Who knows what Facebook’s really thinking—the company tends to promote its features with fluff about letting you “share all the moments of your day“—but the ripoffs are almost certainly less about providing a service to users, and much more about outright killing Snapchat.

Some important background: An article in Bloomberg last year said Facebook was in a froth over a decline in “personal sharing” on its social network, which is used by 1.23 billion people every day. (Snapchat’s got 158 million daily users, its IPO filing revealed.) Personal sharing’s important: Your News Feed can’t just be a wasteland of viral videos and news about Hillary Clinton harvesting baby organs or whatever—you return to Facebook to see what your friends are up to.

When friends post personal statuses or pictures, it encourages you to do the same. Then Facebook has a nice crop of eager content-sharers to serve highly personalized ads to. Then, Facebook makes several billion dollars. Great!

The rub for Facebook, here, is that Snapchat’s all about intimate moments (and body parts) shared between friends (and lovers). You can take a snap of whatever, send it to whomever, and you don’t have to worry about your aunt or kid seeing it—as you do on Facebook. It’s a popular idea, and at the time of the Bloomberg report, Snapchat was enjoying explosive growth in its user base:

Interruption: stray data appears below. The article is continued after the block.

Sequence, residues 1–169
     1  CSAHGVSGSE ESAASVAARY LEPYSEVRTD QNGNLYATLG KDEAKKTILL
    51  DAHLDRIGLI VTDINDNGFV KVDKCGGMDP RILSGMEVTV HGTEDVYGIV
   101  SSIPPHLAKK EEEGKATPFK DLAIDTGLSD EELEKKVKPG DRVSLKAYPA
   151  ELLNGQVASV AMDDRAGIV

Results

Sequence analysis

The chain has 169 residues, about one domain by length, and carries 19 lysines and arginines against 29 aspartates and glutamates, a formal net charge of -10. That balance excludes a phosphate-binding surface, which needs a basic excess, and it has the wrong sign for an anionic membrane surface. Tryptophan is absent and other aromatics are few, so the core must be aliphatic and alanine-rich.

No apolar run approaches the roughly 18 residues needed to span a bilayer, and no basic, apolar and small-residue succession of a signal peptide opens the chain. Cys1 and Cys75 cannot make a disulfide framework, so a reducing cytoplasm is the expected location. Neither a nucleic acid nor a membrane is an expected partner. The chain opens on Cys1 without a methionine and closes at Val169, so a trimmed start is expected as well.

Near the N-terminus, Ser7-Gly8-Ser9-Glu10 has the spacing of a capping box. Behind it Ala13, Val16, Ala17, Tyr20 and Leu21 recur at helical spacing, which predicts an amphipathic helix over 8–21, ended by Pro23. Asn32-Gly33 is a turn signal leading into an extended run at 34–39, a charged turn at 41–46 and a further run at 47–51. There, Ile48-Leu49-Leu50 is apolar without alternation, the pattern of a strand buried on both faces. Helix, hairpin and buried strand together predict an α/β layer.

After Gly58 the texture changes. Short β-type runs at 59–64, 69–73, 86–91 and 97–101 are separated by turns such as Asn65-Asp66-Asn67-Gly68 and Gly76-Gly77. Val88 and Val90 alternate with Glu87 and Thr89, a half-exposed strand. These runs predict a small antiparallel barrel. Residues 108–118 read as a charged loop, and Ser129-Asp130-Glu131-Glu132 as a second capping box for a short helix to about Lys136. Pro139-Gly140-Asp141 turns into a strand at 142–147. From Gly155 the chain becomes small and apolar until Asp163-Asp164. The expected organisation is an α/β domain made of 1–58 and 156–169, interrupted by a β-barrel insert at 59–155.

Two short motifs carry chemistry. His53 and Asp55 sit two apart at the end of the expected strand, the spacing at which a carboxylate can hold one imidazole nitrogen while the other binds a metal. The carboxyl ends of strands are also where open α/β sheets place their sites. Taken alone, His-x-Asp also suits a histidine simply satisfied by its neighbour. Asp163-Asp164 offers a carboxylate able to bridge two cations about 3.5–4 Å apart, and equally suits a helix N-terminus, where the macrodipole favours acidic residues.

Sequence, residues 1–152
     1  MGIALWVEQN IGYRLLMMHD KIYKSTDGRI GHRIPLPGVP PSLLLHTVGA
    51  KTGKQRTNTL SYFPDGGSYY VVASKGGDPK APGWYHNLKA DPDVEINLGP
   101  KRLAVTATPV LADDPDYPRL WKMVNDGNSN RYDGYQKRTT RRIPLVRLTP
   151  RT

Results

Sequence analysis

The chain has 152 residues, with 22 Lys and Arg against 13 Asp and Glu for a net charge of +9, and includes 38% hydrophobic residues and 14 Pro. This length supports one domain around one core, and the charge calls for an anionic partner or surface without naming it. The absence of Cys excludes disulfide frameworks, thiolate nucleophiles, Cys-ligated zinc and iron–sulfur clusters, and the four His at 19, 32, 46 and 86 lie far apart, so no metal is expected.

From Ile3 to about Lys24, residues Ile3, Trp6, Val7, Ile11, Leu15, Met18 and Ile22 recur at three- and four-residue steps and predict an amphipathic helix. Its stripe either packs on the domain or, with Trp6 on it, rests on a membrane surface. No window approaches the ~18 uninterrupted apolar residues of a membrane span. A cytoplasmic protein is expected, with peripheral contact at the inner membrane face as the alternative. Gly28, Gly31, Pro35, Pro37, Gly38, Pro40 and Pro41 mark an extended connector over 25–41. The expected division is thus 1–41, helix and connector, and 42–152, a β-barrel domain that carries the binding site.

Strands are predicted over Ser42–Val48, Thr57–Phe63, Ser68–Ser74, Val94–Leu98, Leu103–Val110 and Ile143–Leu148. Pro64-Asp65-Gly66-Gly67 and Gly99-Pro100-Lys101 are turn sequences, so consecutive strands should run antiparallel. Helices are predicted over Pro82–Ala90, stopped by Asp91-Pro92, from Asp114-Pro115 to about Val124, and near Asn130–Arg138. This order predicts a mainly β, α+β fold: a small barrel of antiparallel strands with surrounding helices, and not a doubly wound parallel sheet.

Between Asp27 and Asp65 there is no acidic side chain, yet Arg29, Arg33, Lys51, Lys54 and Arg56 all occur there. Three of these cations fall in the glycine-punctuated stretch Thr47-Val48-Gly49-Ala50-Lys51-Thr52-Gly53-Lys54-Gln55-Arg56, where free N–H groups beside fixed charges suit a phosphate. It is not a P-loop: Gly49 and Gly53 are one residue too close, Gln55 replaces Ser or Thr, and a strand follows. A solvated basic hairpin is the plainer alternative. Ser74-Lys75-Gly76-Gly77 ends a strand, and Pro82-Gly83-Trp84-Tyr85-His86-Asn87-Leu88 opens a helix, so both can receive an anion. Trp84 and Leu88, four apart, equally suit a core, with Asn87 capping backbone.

This lovely graph shows Snapchat's robust growth over a couple of years ending in December 2015.

 

Intel still beats Ryzen at games, but how much does it matter?

It’s OK now even if it’s not the fastest gaming processor ever—but the future gets tricky.

The response to AMD’s Ryzen processors with their new Zen core has been more than a little uneven. Eight cores and 16 threads for under $500 means that they’re unambiguously strong across a wide range of workloads; compute-bound tasks like compiling software and compressing video cry out for cores, and AMD’s pricing makes Ryzen very compelling indeed.  But gaming performance has caused more dissatisfaction. AMD promised a substantial improvement in instructions per cycle (IPC), and the general expectation was that Ryzen would be within striking distance of Intel’s Broadwell core. Although Broadwell is now several years old—it first hit the market way back in September 2014—the comparison was relevant. Intel’s high-core-count processors—both the High End Desktop parts, with six, eight, or 10 cores, and the various Xeon processors for multisocket servers—are all still using Broadwell cores.  Read More